Zappa: I'm consistent, aren't I?

Primo: This is true. I understand you're suing Warner Brothers over your new album. Would you like to talk about that?

Zappa: It's a breach of contract suit. Let's just leave it at that.

Primo: Before one of your songs tonight ["Bobby Brown Goes Down"] you addressed the audience and said, "I haven't been here in a Louisville in two or three years – I don't know why, but this is one of those cities I don't get to very often. So you people don't know me very well. And I don't know you very well. We really haven't had time to get acquainted – you've probably been very busy attending Kiss concerts and stuff like that. So what we're going to do now is sing a song with real easy-to-understand lyrics, real stupid chords, and a real simple beat. That way we can reach you people."

Your remarks about getting acquainted with the audience – to me they indicate a sort of sublimated contempt for your audience. Is that true?

Zappa: If you think that, you have absolutely no understanding of my relationship with the audience.

Primo: Well, what is the relationship between you and the audience?

Zappa: They're the only friends I've got.

Primo: Do you feel that at least some of the people in the audience don't fully appreciate what you are doing musically?

Zappa: Well, obviously you don't.

Primo: That may be. But do you feel that's true of a lot of other people?

Zappa: I don't think that's true of a lot. I think its probably true of a few, but for the most part the audiences love it.

Primo: The impression I got during the show tonight was that as long as you were in the forefront the audience was really into it. But whenever you moved back and took off on an instrumental solo, the audience seemed to be spacing out.

Zappa: Well, that's true the world over. There's no reason why I shouldn't play instrumentals. If the audience isn't exposed to it they'll never learn to like it.

Primo: Okay. But then is that one reason why your shows are a combination of instrumentals and songs with a lyrical emphasis?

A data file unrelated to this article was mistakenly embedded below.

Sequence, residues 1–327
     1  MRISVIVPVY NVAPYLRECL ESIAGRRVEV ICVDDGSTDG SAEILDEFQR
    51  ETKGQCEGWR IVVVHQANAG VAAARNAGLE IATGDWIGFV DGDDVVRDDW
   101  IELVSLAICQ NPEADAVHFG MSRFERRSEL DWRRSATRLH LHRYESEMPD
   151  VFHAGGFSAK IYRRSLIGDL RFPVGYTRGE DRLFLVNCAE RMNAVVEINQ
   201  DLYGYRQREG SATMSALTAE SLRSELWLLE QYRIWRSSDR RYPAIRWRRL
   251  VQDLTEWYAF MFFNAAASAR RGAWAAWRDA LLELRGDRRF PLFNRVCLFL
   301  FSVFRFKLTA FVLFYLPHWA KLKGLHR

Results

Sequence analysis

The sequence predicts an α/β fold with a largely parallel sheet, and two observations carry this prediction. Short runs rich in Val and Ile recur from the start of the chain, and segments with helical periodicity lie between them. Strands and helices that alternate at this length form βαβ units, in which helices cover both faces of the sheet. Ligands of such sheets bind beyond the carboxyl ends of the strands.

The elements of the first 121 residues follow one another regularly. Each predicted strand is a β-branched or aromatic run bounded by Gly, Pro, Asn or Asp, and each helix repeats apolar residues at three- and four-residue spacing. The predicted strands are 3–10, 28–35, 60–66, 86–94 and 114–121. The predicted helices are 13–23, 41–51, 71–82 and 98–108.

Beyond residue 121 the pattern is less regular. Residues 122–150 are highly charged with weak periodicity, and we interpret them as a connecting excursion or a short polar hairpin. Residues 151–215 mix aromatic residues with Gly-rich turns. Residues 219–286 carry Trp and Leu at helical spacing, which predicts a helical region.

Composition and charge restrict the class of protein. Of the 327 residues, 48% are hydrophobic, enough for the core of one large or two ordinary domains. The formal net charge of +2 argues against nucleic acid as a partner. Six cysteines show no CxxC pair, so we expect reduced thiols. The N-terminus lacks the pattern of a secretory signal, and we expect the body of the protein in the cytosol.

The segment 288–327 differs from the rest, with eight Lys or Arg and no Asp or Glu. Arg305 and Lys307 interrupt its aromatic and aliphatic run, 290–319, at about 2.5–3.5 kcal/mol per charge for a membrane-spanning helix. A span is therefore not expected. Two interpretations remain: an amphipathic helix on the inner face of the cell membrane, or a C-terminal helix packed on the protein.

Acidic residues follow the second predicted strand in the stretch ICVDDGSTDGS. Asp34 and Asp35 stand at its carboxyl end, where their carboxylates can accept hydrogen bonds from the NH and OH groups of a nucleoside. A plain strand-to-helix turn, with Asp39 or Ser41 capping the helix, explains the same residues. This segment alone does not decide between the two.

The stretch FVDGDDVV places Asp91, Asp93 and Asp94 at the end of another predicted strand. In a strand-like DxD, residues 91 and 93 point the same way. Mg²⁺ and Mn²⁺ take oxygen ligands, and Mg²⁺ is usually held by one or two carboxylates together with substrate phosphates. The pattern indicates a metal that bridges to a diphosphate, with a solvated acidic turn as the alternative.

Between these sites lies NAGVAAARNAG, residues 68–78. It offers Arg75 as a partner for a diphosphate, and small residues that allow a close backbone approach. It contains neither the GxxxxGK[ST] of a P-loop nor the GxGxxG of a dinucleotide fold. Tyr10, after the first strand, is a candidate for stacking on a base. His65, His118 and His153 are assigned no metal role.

Zappa: Absolutely.

Primo: But are you saying that if you did a two-hour concert of only instrumentals that people wouldn't enjoy it as much?

Zappa: I know they wouldn't. Neither would I. You think I don't enjoy jumpin' around out there?

Primo: How distanced are you from the subjects you sing about? Songs by other artists seem to be more emotional than yours.

Zappa: I can't help the way your tastes are oriented. I feel that people who sing songs dealing with the subject of love and stuff like that are writing songs for program directors. They're people who don't know shit. I think it's real offensive for people to publicize their innermost feelings. The Intensive Care Artists suck. And I think if the people who go around singing about love knew the first fuckin' thing about it, they'd keep their mouths shut. The only thing they're really singing about is money. Because the only thing that gets on the radio is love songs.

I can't help it if you're a fan of that kind of music. And if you think that's emotion – you know, just because somebody plays a high note don't mean its emotion. Its mechanical shit. You just happen to fall for it. Along with about 20 million other people.

Primo: Okay, But you don't have to sing about love to be emotional. And

Zappa: Wait a minute. Wait a minute! First of all, what you read as emotion is part of your conditioning. Its part of what people have told you emotion is supposed to look like, sound like, smell like, and act like. Would you recognize an emotion I had?

Primo: Of course not. because I don't know you well enough.

Zappa: Well, there you go. So what are you talkin' about? You're accusing me of being unemotional and saying that these other songs are emotional, and I'm accusing you of saying you don't know your ass.

Primo: I wasn't accusing you of being unemotional. I just said –

Zappa: No, no. Here's the question – as I recall it. You said, "To me, other peoples songs are more emotional."

Primo: Right.